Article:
Middleware: Instructions

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Instructions ♦ Design NotesReflective Essay


Middleware is a cooperative cyberpunk card game of raiding servers, avoiding being crushed between an American Megacorporation and a Japanese Zaibatsu in the post-transhuman future dystopia of the year 2X15.  Players take on the roles of a handful of desperados trying to escape the control of corporate overlords, banding together through distributed means to attack the powers that endanger their lives and threaten to overwhelm them.

In these instructions there are rules for playing a gentler, more approachable version of the game, or a more difficult one. These are marked as Soft Rules vs Hard Rules. These are optional, but should be agreed upon at the start of the game.


Middleware is composed of a deck of cards, divided into the following types:

  • 20 Server cards
  • 70 buy cards, composed of:
    • 60 cards divided equally between the four types (Infiltrate, Manipulate, Assault, Overwhelm)
      • 1 each of two rare cards
      • 2 each of two uncommon cards
      • 3 each of three common cards
    • 10 Halt Cards
  • 28 Basic Access Cards
  • 16 Player Cards, composed of four sets of:
    • 1 character card
    • 3 goal cards associated with the character


At the start of the game, each player selects one character card. Then, for each player a deck is constructed composed of seven Basic Access cards, and the three Goal cards associated with that character.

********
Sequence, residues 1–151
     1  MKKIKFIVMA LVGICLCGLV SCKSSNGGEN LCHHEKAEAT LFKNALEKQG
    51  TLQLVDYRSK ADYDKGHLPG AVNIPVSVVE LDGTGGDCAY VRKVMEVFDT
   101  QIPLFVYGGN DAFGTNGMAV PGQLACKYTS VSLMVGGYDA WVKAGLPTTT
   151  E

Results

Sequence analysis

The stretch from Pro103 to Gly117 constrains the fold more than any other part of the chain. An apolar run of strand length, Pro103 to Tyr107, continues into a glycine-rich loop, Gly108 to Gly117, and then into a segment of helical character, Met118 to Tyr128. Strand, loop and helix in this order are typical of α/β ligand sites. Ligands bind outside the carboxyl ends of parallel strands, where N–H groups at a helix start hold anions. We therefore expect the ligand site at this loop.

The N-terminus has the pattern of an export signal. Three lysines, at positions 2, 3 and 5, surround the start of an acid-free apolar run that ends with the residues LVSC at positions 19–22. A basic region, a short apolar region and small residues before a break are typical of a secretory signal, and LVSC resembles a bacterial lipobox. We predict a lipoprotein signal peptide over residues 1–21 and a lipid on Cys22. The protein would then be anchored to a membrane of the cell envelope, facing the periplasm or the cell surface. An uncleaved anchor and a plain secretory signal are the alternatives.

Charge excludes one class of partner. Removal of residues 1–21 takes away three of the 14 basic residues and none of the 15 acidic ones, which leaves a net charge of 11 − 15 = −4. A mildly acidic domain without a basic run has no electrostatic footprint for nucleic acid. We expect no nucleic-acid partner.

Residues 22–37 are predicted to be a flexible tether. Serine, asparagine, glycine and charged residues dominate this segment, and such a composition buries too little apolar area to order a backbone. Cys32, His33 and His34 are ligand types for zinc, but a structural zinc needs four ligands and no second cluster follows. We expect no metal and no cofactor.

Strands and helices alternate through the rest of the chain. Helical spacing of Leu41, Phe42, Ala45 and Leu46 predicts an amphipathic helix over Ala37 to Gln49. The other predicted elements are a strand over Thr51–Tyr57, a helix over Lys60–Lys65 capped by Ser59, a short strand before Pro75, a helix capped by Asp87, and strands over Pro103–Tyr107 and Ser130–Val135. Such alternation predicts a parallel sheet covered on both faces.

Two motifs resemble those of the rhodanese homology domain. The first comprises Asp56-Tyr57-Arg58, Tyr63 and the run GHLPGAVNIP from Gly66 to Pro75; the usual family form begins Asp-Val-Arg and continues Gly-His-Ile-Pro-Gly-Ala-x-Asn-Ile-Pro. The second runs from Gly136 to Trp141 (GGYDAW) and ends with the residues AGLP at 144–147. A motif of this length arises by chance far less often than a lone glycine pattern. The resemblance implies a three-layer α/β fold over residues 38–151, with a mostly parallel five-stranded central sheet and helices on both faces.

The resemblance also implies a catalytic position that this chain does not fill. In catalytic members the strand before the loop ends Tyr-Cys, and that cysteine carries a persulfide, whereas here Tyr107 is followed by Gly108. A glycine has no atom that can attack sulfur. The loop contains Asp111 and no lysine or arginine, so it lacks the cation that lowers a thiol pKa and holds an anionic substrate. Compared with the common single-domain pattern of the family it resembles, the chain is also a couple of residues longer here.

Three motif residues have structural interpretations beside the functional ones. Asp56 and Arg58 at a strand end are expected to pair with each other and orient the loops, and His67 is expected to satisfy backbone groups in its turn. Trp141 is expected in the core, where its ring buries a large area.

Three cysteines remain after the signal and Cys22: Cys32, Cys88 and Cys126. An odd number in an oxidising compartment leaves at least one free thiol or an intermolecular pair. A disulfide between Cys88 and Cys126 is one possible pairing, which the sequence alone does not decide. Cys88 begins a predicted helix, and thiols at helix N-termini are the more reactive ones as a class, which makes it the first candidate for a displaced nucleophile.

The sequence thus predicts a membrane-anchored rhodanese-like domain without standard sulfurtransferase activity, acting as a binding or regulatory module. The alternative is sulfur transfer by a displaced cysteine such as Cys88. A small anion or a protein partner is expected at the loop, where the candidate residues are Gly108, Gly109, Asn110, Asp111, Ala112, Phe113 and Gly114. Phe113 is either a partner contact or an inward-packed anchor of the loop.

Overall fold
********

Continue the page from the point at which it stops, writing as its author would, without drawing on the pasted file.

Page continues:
Then, the Server cards are shuffled, and a number of them are dealt out into two stacks of an equal number of cards, face down.

Soft Rule: Deal out 3 cards to each server.

Hard Rule: Deal out 7 cards to each server.

Finally, shuffle the Buy deck, and deal out the top five cards from it face-up before all the players. These cards are the marketplace.

Playing The Game

Middleware takes place over a series of turns.

To play Middleware, players draw a hand of five cards, play those cards and choose whether or not to take any actions these cards let them do, and put their cards into their discard pile. All players do these steps together – the turn is simultaneous, and all the players are expected to cooperate and coordinate to avoid conflicting.